Elizabeth Hutchison is currently a second-year Literature Ph.D. Student at Florida State University. She teaches undergraduate classes as part of a Graduate Teaching Assistantship with the Literature Department at FSU. The scholarship encompasses teaching courses such as Introduction to Literature; Research, Genre, and Context; and Interning in the Reading and Writing Center and Digital Studio. She received her most recent degree, an M.A. in Literary, Cultural, and Textual Studies, at the University of Central Florida in 2018, and a B.A. in English Literature and Religious Studies from Stetson University in 2015.
We sat down with Elizabeth and asked her about her research regarding feminist recovery.
Her Campus (HC): Why did you decide to research feminist recovery?
Elizabeth Hutchison (EH): Frequently, I had found myself wondering why I could never see myself in American history. This confusion was especially the case in high school and my undergraduate years, in which we read many texts that were neither queer or about women. Much of what we are taught in English and history classes centers on canonized, published literature. So, until more recently in the relative scheme of things, literary studies did not acknowledge American queer women, their personal lives and all that entailed.
HC: What specifically did you research?
EH: During my graduate studies at UCF, I signed up for a class I was very excited about, called “Unruly Women.” Discovering that there was an ongoing project about early American frontier women, one, in particular, being Martha Ballard, and that I could be a part of the conversation in some way was what lead to me discovering my newfound passion. The seminar paper I wrote for that course turned into a conference paper I shared at UCF’s symposium eventually titled, “Creating Private Spaces in Martha Ballard’s Diary.”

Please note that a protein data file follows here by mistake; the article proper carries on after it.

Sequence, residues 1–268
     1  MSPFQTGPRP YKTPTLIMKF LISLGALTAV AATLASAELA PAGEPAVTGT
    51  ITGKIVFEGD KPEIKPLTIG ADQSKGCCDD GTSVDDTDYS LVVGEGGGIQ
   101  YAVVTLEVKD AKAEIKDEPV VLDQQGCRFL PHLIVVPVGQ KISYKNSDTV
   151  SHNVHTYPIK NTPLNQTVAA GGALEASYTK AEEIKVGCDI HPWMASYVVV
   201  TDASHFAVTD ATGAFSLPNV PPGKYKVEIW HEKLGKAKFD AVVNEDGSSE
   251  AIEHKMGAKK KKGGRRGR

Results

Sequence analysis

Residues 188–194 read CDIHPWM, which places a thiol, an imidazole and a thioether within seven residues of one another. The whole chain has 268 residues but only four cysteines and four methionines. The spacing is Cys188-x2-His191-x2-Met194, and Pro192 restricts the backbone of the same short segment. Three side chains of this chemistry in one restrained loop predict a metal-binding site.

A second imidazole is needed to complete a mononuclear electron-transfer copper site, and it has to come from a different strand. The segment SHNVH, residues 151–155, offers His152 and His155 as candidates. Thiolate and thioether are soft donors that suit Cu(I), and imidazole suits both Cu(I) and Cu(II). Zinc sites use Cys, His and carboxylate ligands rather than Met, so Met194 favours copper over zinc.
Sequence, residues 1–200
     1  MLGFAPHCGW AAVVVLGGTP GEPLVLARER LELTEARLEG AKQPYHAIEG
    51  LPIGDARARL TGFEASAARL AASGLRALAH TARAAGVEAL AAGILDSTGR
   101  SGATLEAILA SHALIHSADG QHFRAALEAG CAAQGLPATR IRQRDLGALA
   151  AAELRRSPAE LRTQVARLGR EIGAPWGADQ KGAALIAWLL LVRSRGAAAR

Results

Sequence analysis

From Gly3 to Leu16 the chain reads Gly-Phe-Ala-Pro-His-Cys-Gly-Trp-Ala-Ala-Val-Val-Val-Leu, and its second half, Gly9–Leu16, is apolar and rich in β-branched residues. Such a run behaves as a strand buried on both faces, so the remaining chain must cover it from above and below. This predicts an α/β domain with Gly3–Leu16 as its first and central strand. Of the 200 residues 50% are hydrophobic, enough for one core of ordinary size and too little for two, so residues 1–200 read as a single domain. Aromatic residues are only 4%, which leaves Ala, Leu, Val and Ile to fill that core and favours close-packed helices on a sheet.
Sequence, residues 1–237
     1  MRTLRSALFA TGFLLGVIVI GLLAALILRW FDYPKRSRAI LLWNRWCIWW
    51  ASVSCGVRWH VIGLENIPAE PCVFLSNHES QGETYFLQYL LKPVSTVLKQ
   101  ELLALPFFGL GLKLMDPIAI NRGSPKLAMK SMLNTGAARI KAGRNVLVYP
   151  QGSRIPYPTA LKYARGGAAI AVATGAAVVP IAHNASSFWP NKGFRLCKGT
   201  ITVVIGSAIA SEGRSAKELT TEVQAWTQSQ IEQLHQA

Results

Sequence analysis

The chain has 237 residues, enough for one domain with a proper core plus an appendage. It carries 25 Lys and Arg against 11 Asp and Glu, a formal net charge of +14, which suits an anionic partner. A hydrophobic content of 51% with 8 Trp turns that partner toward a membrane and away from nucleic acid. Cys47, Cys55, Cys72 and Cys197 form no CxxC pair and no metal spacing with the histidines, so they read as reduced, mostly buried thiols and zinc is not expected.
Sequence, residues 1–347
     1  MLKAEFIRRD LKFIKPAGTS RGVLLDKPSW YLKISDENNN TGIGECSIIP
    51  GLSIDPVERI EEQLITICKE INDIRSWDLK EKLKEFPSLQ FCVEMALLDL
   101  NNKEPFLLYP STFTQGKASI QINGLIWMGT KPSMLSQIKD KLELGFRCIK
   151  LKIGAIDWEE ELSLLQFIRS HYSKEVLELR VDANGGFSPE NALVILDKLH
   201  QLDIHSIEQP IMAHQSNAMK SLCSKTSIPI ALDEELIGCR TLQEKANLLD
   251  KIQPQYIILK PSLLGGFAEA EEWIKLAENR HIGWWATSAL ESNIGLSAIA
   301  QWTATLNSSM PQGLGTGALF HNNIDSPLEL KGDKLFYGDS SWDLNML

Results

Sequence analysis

Courtesy: Elizabeth Hutchison
HC: Why is this work, in your opinion, so important to women today?
EH: If we begin to acknowledge unpublished works of women and broaden our concepts “literature,” then more scholarly gaps can be filled. Simply put, I see the process of uncovering women’s writing from the late 1700s to the early 1800s as having a massive impact on how literature will be taught in the future.
HC: What were some significant findings of your research?
EH: Some things I found were that birthing parties were essential to the status of families, in that they delineated the legitimacy of a child, but also the mother. This ultimately provided women with a form of agency in the very private area of women’s lives. Also, solidarity in the birthing experience ultimately created a private space in which public matters could be discussed routinely. This finding is a big deal because it is evidence of how women were a large part of the public arena, despite what our earlier notions might have been. Finally, women were often placed in dire situations together regarding childbirth, as 1 in 30 women died giving birth during this time. With this shared experience, Martha Ballard possessed a type of space exclusive of men, one that gave her a great deal of authority and social mobility. This type of solidarity is distinct and feminine, forming a self-sustaining community, as well as a professional life for Ballard.
HC: Anything else you would like others to know?
EH: I would recommend that anyone read Martha Ballard’s diary if you are interested in research for feminist recovery!